What is an old white guy to make of all this?  Of course, no one is likely to pull down Mr Ed’s monument, yet in some ways the ideal it represents–apart perhaps from talking with animals–has suffered as much damage as the dream of the Confederacy.  When the economy craters in recession, plenty of architects and other skilled workers have lost their white-collar jobs and possibly even the Studebaker Lark in the driveway.  Few spouses today are as consistently deferential, blonde, stay-at-home, or female as Carol Post.  California itself is no longer a suburban utopia.  Nothing on TV now is quite as comfortable as it was 50 years ago, or even 20.  It’s a harshly serious, profoundly political moment.  I confess I wonder how long it will last, and how I’ll weather it.  But I’m pretty sure I won’t be streaming “Mr. Ed”.  It might be all right except for the laugh track, a tool designed to modulate all emotion into a reassuring stream of gentle chuckles.  I’m not in the mood for that.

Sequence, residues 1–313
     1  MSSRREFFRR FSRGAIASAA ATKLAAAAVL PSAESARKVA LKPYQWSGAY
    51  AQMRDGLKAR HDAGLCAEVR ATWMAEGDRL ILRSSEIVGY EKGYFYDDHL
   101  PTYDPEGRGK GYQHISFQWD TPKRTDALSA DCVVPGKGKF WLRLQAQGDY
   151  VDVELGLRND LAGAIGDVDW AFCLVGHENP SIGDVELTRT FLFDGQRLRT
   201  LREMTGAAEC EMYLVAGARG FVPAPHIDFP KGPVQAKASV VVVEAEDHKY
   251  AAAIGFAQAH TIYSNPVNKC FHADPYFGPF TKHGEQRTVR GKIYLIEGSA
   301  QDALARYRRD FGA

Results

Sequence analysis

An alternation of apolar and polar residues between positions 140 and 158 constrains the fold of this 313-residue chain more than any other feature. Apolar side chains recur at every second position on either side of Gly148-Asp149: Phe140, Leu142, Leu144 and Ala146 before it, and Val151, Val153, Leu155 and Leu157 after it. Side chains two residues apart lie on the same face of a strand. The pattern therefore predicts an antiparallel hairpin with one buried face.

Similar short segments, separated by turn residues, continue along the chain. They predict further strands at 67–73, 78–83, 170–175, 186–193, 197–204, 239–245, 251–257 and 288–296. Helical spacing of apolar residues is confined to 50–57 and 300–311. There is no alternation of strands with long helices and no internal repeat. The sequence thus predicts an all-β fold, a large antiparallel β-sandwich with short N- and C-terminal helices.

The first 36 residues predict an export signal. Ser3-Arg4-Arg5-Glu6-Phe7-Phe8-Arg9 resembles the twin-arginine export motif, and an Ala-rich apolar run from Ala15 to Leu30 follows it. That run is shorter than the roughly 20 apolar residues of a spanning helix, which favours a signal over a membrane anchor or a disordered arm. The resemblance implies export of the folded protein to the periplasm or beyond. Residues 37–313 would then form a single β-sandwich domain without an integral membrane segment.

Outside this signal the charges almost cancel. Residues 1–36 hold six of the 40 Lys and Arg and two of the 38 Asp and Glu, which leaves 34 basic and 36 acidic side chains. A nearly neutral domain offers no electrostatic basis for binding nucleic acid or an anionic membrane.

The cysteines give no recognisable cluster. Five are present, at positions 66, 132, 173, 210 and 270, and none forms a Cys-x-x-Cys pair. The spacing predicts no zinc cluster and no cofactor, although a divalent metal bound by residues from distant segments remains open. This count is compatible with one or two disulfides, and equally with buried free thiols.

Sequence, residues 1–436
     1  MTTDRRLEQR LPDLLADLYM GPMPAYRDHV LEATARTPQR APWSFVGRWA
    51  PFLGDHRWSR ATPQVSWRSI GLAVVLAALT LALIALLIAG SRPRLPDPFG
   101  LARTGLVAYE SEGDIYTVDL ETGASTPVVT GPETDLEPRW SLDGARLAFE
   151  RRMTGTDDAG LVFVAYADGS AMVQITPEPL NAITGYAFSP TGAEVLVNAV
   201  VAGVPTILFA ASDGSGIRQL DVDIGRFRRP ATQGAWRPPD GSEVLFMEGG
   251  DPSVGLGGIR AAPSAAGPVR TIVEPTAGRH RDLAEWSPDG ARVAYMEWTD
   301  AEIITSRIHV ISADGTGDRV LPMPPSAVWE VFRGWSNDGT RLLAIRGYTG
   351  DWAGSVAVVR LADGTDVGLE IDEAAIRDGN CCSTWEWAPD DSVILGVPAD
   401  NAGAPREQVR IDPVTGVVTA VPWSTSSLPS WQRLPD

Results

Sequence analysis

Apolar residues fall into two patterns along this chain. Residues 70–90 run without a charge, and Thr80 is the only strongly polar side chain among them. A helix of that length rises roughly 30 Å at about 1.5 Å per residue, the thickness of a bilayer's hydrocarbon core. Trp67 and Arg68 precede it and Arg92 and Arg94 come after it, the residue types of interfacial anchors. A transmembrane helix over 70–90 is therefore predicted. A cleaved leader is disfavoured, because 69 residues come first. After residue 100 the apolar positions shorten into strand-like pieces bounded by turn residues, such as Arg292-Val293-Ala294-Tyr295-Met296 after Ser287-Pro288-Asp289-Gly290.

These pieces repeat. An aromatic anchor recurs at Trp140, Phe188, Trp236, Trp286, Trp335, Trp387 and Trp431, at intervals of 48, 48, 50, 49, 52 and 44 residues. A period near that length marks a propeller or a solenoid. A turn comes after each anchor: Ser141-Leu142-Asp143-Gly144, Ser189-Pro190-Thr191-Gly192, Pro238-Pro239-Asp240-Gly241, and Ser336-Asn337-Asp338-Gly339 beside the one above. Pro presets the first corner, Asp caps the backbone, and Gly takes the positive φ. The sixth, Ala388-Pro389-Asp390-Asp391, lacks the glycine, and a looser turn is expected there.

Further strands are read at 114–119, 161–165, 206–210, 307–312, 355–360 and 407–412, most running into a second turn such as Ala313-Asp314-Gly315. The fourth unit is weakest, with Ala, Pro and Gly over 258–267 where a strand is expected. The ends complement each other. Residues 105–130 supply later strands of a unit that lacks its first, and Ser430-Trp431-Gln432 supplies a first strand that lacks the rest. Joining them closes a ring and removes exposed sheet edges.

Own work by Nikater, submitted to the public domain. Background map courtesy of Demis and Wilcomb E Washburn, Handbook of North American Indians Vol 4 History of Indian-White Relations. SmithsonTrails_of_Tears_en
Own work by Nikater, submitted to the public domain. Background map courtesy of Demis and Wilcomb E Washburn, Handbook of North American Indians Vol 4 History of Indian-White Relations.